Meta-analysis of gender differences

Four studies were performed in the general population (Kocalevent et al., 2013, Morawa et al., 2017, Hinz et al., 2017, Bener et al., 2013) while one involved patients with major depression (Gonzalez et al., 2009). Of these 5 studies, one was conducted in Spain (Gonzalez et al., 2009), one in Qatar (Bener et al., 2013) and three in Germany (Kocalevent et al., 2013, Morawa et al., 2017, Hinz et al., 2017); however, one of the German studies included only people of Turkish origin (Morawa et al., 2017). The aggregated sample was n = 16 199, of which 56.5% were female.

Table - 2


In our narrative summary of the studies, we found that the most prevalent somatic symptoms were those related to pain in the limbs, back, head and fatigue. Mental health problems were associated with higher odds of presenting several somatic symptoms, including sleeping problems, fatigue, and digestive complaints. Low socioeconomic status was associated with a higher prevalence of all somatic symptoms, although this finding was based on only a single study. The main finding of the quantitative analysis was that women experienced more headaches, dizziness, and stomach pain than men.

Heterogeneity among the included studies was high, probably reflecting variability in the study populations assessed in the individual studies (9 of the 13 studies were conducted in the general population while the remaining 4 involved patients with specific mental health disorders), variations in languages and cultures (the studies were performed in 4 continents using the PHQ-15 in nine different languages) and the version of the PHQ-15 used (most studies included all 15 items, but several studies used versions comprised of 14 or 13 items).

Table - 1

Table - 1

The studies can be classified into three groups according to the objectives related to the analysis of individual items, as follows: i) studies analysing the frequency and severity of individual somatic symptoms; ii) those that investigated gender differences; and iii) studies examining the association between individual items and certain variables such as socioeconomic status and likelihood of suicidal ideation, among others.

The most prevalent symptoms in most of the studies were “pain in your arms, legs, or joints”, “back pain”, “headaches”, and “feeling tired or having low energy”. This finding is consistent with other studies that have assessed somatic symptoms in the general population using different instruments such as the Screening for Somatoform Symptoms (Hiller et al., 2006, Rief et al., 2001, Rief et al., 1997) or the Freiburg Complaint List (Fahrenberg, 1975, Fahrenberg, 1995). Most of those studies also found that different types of pain were among the most prevalent FSS (Hiller et al., 2006, Rief et al., 2001, Fahrenberg, 1975). The high prevalence of headaches and low back pain is not unexpected given that these symptoms are among the most common complaints worldwide in the general population, with a prevalence rate > 25% (Meucci et al., 2015, Stovner et al., 2018).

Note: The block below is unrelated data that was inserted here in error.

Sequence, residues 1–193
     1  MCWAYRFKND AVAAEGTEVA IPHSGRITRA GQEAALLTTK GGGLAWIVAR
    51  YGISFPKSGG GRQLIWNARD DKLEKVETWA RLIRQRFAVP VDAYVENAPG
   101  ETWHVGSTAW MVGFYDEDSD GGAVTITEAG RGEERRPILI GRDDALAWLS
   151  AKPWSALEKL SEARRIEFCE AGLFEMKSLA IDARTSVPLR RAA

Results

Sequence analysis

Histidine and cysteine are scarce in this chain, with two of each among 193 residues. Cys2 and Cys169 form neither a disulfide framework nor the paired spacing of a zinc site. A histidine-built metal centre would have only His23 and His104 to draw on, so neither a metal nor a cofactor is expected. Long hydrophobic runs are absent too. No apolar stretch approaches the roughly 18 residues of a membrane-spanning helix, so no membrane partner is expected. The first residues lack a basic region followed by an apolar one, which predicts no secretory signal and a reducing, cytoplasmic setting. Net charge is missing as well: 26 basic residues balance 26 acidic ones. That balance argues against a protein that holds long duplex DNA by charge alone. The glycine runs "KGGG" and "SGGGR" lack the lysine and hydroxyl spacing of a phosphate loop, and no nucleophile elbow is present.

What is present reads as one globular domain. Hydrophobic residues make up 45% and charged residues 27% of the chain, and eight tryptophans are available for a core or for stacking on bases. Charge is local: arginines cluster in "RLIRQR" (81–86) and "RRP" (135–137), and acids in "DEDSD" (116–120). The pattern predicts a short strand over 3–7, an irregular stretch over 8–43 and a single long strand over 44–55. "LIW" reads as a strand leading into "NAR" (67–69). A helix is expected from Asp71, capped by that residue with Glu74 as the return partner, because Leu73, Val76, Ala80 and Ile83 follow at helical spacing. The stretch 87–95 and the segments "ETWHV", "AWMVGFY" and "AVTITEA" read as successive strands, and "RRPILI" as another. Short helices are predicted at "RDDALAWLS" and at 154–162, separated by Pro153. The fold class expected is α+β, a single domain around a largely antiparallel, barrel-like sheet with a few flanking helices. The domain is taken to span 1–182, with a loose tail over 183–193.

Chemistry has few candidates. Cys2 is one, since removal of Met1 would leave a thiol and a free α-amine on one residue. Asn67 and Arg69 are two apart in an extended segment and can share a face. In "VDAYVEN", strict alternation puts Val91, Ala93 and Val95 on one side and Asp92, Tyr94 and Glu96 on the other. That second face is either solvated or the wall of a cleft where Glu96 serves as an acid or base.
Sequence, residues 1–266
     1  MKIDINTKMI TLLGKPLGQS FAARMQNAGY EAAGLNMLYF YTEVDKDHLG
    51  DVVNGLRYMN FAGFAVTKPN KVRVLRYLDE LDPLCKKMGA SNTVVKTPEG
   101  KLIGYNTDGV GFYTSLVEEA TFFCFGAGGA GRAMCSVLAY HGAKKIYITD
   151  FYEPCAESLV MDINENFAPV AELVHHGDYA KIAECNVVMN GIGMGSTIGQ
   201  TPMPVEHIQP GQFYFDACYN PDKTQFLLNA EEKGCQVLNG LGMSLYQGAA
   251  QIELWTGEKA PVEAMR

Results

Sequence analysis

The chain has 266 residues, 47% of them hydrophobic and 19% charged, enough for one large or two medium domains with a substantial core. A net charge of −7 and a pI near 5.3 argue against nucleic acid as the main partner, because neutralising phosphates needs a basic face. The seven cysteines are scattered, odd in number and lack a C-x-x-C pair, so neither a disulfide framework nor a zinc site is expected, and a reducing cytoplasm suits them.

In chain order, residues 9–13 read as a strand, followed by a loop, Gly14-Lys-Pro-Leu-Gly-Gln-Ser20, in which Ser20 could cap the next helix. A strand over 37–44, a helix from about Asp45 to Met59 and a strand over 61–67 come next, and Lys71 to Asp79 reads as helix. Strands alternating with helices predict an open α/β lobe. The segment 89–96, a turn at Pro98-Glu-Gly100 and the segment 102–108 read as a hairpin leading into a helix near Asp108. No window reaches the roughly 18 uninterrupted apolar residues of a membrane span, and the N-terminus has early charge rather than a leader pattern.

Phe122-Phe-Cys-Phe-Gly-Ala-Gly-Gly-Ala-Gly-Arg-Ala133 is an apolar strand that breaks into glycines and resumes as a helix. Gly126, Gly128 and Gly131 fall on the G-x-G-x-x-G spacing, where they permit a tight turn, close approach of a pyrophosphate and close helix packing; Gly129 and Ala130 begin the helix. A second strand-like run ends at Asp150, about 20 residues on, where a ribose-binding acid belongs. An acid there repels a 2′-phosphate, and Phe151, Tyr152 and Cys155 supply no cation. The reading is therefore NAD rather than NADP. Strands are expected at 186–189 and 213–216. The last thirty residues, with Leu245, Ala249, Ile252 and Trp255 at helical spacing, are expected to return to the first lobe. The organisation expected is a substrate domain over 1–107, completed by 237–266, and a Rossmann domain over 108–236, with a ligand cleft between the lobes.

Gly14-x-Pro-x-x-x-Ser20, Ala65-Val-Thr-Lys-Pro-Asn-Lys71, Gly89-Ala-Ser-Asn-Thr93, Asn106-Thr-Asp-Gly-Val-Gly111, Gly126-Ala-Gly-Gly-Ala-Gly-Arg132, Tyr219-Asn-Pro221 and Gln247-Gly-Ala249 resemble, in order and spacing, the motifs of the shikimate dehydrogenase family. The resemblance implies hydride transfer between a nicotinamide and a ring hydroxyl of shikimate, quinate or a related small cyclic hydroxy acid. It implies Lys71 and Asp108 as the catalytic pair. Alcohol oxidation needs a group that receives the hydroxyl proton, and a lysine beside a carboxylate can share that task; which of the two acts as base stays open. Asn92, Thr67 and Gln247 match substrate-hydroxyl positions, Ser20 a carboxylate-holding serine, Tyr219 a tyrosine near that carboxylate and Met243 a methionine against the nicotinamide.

The findings of the studies in this review that assessed individuals with mental disorders showed that “trouble sleeping”, “feeling tired or having low energy”, “nausea, gas, or indigestion”, “constipation, loose bowels, or diarrhea”, and “stomach pain” were the symptoms most closely associated with emotional disorders (anxiety, depression, and somatoform disorders). These findings are consistent with the results of other studies that have used the PHQ-15 or other similar questionnaires (Lyoo et al., 2014, Bekhuis et al., 2016, Gerber et al., 1992). One study that used the PHQ-15 to screen for depression found that higher scores on the items assessing gastrointestinal symptoms, fatigue, and sleeping problems are good predictors of depression (Lyoo et al., 2014). In fact, gastrointestinal symptoms were a significant predictor of persistent major depressive disorder (MDD) in a study that used the Four-Dimensional Symptom Questionnaire (4DSQ) to assess somatic symptoms (Bekhuis et al., 2016, Gerber et al., 1992), who used the Hopkins Symptom Checklist 49-item depression scale to screen for depression, sleep disorders and fatigue had the highest positive predictive value (61% and 60%, respectively). However, the strong association between low energy and sleeping problems with anxiety and depression might arguably be tautological, as both symptoms are part of the DSM-V diagnostic criteria for anxiety and depression disorders (American Psychiatric Association, 2013). Interestingly, despite the high prevalence of cardiovascular symptoms reported in patients with anxiety and depression (Bekhuis et al., 2016, Tylee and Gandhi, 2005), this association was not evident in the present review, as none of the cardiac-related symptoms such as “chest pain”, “feeling your heart pound or race”, and “fainting spells” were among the most frequently reported in the studies conducted in patients with depression and anxiety (Toussaint et al., 2017, Gonzalez et al., 2009, Grover et al., 2012), nor were they positive correlated with depression or anxiety scales (Carlehed et al., 2017).